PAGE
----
Plen sees dou­ble as Ma­sorti looks to buck trend

The Jewish Chronicle - - Community - BYBARRYTOBERMAN

MATT PLEN fully in­tends to re­turn per­ma­nently to Is­rael with his fam­ily one day, hav­ing lived there for 10 years from 1998. But for the fore­see­able fu­ture, his fo­cus is firmly on the de­vel­op­ment of the Assem­bly of Ma­sorti Syn­a­gogues.

The 39-year-old north Lon­doner will shortly suc­ceed Michael Gluckman as AMS chief ex­ec­u­tive, spear­head­ing a strate­gic plan with the goals of dou­bling adult mem­ber­ship from its cur­rent 4,000 to­tal in 10 years and mak­ing Ma­sorti “a well de­fined, uni­ver­sally known con­cept across the Jewish com­mu­nity”.

Mem­ber­ship has risen 50 per cent since 2002 and Mr Plen be­lieves its mes­sage of “tra­di­tional Ju­daism for mod­ern Jews” is strik­ing a chord with the younger gen­er­a­tion at a time when other syn­a­gogue move­ments are in nu­mer­i­cal de­cline.

As well as the ma­jor New North London and New London con­gre­ga­tions, there are sig­nif­i­cant Ma­sorti com­mu­ni­ties in Edg­ware and St Al­bans and de­vel­op­ing groups in ar­eas in­clud­ing El­stree, Stoke New­ing­ton, Bournemouth and Glas­gow. There have also been ap­proaches to es­tab­lish a Ma­sorti pres­ence in Muswell Hill, Brighton and Manch­ester — the de­vel­op­ment plan en­vi­sions five new com­mu­ni­ties be­ing es­tab­lished by 2021. Ma­sorti fam­i­lies in­clude around 3,000 chil­dren and the move­ment boasts strong youth and young adult wings, Noam and Marom.

Mr Plen’s own back­ground is typ­i­cal of many who have af­fil­i­ated to the move­ment. Although his fam­ily were United Syn­a­gogue mem­bers, “I never felt I be­longed there”. He re­called be­ing “dread­fully em­bar­rassed when my bar­mitz­vah teacher came to the house one De­cem­ber in case he saw our Christ­mas tree”.

Things changed af­ter he joined New North London in the early 1990s. He found the Finch­ley con­gre­ga­tion “very wel­com­ing — it was clear that you could come in on your own terms”.

He ran the youth club at New North London and through Noam was “lucky to work with Joel [now rabbi] Levy, who chal­lenged my as­sump­tions and got me into the ed­u­ca­tional side”. He liked the no­tion that Ma­sorti al­lowed some­one “to be who they are and ask any­thing they want, with­out any lim­its”.

His ed­u­ca­tional work con­tin­ued in Is­rael and tak­ing up the post of AMS di­rec­tor in 2008, his goal was “to kick­start projects and push the move­ment for­ward in a more strate­gic and en­er­getic fash­ion. We re­launched Marom and have been de­vel­op­ing lead­er­ship within the group.”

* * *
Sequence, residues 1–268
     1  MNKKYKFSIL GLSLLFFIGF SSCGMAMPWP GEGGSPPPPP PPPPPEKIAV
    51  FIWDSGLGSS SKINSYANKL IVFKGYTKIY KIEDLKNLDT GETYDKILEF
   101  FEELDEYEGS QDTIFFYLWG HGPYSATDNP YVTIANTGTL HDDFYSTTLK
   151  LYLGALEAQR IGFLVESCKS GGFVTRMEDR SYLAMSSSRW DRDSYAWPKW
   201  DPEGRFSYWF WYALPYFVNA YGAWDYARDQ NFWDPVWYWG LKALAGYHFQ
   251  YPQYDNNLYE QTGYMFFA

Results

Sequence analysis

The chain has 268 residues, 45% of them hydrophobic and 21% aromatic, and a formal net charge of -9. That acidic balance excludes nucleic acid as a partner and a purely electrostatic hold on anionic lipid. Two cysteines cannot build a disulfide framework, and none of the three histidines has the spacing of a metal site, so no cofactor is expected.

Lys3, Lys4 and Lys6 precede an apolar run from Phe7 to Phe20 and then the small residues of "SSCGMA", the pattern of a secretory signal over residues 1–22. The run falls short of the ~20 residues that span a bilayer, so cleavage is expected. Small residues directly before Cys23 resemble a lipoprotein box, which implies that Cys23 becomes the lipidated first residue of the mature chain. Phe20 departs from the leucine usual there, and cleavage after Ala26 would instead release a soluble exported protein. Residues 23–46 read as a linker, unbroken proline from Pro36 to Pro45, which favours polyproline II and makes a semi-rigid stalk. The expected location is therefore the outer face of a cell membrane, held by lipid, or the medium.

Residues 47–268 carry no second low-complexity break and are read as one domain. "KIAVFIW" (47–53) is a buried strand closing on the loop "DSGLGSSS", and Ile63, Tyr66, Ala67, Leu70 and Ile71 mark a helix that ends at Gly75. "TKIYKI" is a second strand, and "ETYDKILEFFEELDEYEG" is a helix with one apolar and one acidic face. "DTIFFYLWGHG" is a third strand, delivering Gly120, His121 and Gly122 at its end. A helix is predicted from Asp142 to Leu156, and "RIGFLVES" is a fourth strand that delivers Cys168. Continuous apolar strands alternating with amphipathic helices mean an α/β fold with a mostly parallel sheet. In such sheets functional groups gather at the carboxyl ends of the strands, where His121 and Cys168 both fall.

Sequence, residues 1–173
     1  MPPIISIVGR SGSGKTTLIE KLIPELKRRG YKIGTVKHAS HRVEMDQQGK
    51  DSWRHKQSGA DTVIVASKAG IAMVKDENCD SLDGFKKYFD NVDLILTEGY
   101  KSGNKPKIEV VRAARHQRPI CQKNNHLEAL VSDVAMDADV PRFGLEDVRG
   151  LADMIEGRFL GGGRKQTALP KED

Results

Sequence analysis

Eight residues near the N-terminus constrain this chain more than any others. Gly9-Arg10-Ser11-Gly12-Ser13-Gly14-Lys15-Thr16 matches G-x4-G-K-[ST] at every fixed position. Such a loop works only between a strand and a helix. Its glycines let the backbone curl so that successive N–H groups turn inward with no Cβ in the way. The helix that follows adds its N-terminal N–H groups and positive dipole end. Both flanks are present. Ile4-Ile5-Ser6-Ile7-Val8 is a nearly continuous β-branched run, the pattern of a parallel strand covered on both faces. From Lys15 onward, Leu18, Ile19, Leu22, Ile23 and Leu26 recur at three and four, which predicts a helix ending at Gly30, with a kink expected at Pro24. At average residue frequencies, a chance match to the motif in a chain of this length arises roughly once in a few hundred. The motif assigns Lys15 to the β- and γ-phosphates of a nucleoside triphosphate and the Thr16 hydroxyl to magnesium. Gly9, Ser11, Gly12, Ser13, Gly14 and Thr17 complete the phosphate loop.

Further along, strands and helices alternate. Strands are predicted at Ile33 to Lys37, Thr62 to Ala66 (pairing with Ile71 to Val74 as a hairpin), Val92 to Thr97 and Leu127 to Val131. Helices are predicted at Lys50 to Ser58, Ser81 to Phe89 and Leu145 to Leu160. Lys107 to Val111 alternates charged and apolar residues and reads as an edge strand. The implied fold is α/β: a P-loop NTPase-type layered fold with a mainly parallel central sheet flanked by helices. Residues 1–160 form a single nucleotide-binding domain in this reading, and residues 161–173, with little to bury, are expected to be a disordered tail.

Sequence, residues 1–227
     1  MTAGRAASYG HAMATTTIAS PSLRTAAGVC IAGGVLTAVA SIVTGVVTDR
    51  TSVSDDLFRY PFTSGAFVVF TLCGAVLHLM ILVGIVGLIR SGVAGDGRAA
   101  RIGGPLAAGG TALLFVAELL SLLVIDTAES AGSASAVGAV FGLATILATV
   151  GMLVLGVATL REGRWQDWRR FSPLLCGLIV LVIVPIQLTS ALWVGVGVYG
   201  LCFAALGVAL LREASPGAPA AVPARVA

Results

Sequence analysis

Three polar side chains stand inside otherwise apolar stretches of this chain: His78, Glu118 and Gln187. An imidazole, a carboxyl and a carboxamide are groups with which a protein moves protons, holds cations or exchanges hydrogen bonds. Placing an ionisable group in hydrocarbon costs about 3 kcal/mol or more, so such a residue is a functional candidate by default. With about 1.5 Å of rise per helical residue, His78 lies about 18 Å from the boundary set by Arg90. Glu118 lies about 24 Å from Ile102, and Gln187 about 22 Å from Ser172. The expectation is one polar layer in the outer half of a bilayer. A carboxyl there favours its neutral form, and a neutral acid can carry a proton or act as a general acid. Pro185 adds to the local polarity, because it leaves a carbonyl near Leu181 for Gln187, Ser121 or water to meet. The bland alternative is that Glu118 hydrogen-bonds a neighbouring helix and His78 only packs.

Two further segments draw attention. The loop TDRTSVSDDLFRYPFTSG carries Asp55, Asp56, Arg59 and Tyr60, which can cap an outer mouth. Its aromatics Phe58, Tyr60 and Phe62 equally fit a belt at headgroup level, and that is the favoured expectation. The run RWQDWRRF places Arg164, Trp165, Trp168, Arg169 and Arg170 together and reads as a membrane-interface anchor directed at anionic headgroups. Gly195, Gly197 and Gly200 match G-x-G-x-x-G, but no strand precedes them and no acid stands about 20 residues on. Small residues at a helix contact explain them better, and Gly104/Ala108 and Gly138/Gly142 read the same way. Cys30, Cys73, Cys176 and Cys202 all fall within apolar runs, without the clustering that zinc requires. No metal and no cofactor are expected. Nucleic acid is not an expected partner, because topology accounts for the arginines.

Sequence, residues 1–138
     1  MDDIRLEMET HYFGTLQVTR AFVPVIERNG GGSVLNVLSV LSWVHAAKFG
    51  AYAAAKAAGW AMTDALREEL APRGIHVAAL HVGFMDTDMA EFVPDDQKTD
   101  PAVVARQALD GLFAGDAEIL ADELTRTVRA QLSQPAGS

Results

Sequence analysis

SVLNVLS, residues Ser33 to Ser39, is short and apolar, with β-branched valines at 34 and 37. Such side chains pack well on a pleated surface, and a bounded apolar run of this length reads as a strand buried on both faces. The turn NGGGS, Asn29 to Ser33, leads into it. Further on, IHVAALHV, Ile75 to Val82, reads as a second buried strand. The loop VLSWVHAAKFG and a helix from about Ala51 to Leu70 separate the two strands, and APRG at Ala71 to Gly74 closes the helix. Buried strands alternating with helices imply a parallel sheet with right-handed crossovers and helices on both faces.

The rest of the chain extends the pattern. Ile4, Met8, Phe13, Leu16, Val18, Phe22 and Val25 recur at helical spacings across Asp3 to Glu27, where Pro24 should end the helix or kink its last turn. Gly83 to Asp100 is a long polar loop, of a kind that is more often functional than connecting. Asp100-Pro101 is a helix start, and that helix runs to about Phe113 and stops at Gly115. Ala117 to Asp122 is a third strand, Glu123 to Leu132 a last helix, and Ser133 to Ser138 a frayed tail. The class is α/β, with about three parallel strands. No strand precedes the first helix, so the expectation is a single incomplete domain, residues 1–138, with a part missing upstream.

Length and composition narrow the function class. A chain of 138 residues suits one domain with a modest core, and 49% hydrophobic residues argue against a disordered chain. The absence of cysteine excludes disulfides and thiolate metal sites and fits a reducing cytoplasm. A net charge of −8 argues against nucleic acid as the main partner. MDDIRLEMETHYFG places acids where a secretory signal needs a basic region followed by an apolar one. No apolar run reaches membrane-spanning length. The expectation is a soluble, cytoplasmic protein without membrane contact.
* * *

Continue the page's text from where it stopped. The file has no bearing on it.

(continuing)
There are now vol­un­teer rep­re­sen­ta­tive­son10­cam­pus­esandthe­move­ment has set up Jewish Com­mu­nity Or­gan­is­ing, a train­ing course de­signed to help lay lead­ers run con­gre­ga­tions which meet the needs of mem­bers. Although New North London’s Rabbi Jonathan Wit­ten­berg is seen as the public face of the move­ment, a short-term com­mu­ni­ca­tions tar­get is for other rab­bis to as­sume a more public role.

Mr Plen stressed that Ma­sorti was a “bot­tom-up rather than top-down or­gan­i­sa­tion. The high lev­els of par­tic­i­pa­tion says some­thing pos­i­tive about how we are en­gag­ing peo­ple. The good thing is that we are do­ing things cost ef­fec­tively be­cause we don’t have ac­cess to huge bud­gets. We don’t want to be­come an­other bu­reau­cracy.”

Nonethe­less, a £350,000 fundrais­ing cam­paign is un­der way to cover the ad­di­tional cost of meet­ing its de­vel­op­ment goals over the next three years.

Peo­ple joined Ma­sorti for a va­ri­ety of rea­sons. Some, like him, were from tra­di­tional United Syn­a­gogue back­grounds but had found Ju­daism be­com­ing less mean­ing­ful.

Oth­ers were par­ents with chil­dren ap­proach­ing bar- or bat­mitz­vah age.

There was also ev­i­dence of chil­dren get­ting their par­ents on board. Around half the 800 young peo­ple who typ­i­cally go on the sum­mer camps are not from Ma­sorti back­grounds.

Mr Plen wel­comed “healthy com­pe­ti­tion” for mem­bers from other syn­a­gogue groups. “The stronger other streams are, the more it helps us to up our game. We are con­fi­dent we have a good mes­sage.”

Out­side of Ma­sorti, he is study­ing for an ed­u­ca­tional PHD and is a trustee of London Cit­i­zens, a com­mu­nity or­gan­is­ing group pro­mot­ing grass­roots ac­tivism. “It’s im­por­tant to bring Jewish val­ues of so­cial jus­tice into the public arena,” he ex­plained. “I be­lieve that you can be se­ri­ously en­gaged in the halachic and Jewish world and still be a cit­i­zen of the world, en­gaged in wider so­ci­ety.” Ticket stubs pinned to his of­fice wall for con­certs by singer­song­writer ac­tivist Billy Bragg sug­gest a re­lated mu­si­cal pas­sion.

Mr Plen stressed that his com­mit­ment to Ma­sorti was “open-ended. My fam­ily and I are happy here. Is­rael is home for me but there are a lot of ex­cit­ing op­por­tu­ni­ties at Ma­sorti and I don’t want to leave in the mid­dle of that.”

Mat Matt Plen and ( left) me mem­bers of M Ma­sorti’s Mar Marom young adu adults group on a trip to Bud Bu­dapest

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